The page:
Friday, 18 November 2011

Matlock, and the dizzy heights.

We decided on a more local walk today. It had been a good while since we'd been around the Matlocks, so we parked up in the town and set off. Of course, we were drawn to the grounds of High Tor. You used to have to pay to walk over here, but now it is free (so it should be). The skeleton of Riber Castle was to our left. Never a fortification, just a very grand private dwelling. You can read more here;

In front of us - High Tor and the gash of the beginnings Matlock Bath. 
Looking down from High Tor. From here it is a vertical drop to the river below. 
 This is the start of a path called 'giddy edge' - can you guess why? For the giddy amongst you, there's an easy option over the top, but this was always going to be our path :-)
The path gets thinner - and giddier!
Yes, that IS a vertical drop to the left! 
We saw LOTS of berries about, some say a sure sign of a hard winter to come. These looked like a lovely red necklace. 
 Close study of the berry.
After Giddy edge, we dropped down the High Tor grounds, and spotted this gorge in the rocks. The sign said; 'no public access', so we climbed the fence to explore further! 
WHAT a little gem this is. I imagine it's only stupid health and safety that prevents this being exploited. If this was in France, it would be made into SUCH an attraction. Sue said she was sure the local kids knew every inch of this place (I would if I was a kid living nearby). It was a little wonderland, and we really enjoyed following it as it twisted and turned. We've no idea how it got there, if it was natural, or what. 
In some places it was a tight squeeze - all the more exciting. 
After a very enjoyable half hour exploring, we emerged and made our way to the grounds exit. Here, you see the cable car station. The cars go up to the heights of Abraham, an easy option if you don't fancy the hard climb..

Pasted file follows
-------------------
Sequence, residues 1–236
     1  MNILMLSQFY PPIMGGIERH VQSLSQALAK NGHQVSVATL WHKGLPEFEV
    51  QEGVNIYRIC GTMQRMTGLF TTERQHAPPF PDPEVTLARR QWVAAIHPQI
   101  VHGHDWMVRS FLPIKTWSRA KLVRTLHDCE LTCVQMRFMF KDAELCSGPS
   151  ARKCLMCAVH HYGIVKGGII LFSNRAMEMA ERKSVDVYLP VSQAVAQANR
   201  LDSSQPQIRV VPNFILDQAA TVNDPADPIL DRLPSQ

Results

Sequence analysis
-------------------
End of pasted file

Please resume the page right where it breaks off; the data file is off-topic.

We decided to walk up there - this is a fine view of Matlock Bath from the road above. The roads (and paths) are quite vertiginous here, almost to the point of impassable, but people live up here - God knows what they did when we had all that snow last year.
I saw this really unusual inclusion in a gable end. It looks like a crying boy 

Matlock Bath to Ember farm, 600 feet in half a mile! This is Sue, pulling up the incline. Photo's NEVER do it justice, this was one damn hard climb!

T'owd man of Bonsall. Wikipedia says this about 'him';
There is a tiny carving in Wirksworth Church, taken from Bonsall Church during a restoration project and never returned, of a miner with his pick and "kibble" or basket. The carving is known as "t'Owd Man of Bonsall." 

They also have this stunning map, almost a work of art, displayed near the cross. 
 The detail in it is beautiful. We spent quite a while examining it all over. It was obvious a LOT of time and attention to detail had gone into making this.
After eating our lunch in the sunshine, we left Bonsall by a leafy track. 
 Soon, though, we were out in the open fields in greatly improving weather.
Looking over the Wensleydale valley to the hamlet of Oker from Jughole wood. 
Fungi was starting to show now - shame there were no field mushrooms yet. 
 As we dropped into Snitterton, we saw that the owners of the hall were having an underground pool built. You have to be VERY serious about your morning dip to want to spend THIS much money to get it!!
The bull ring at Snitterton. They used to tie bulls up to these and have them 'baited' by dogs. You can read more about this practice here; 
 We saw no bulls today - but we DID encounter a very friendly hen. I keep some seed in my rucksack for just such occasions. The hen seemed very happy with this idea.
Oker hamlet. We crossed the fields, before turning right and following the river back into the centre of Matlock, and a welcome coffee.


  1. Lovely, the hen looks a Bluebell cross x

    sniff....I really miss my chooks :-((

  2. My daughter has two chooks Wendle, she loves them too (so do I - fresh eggs are really amazing, aren't they?).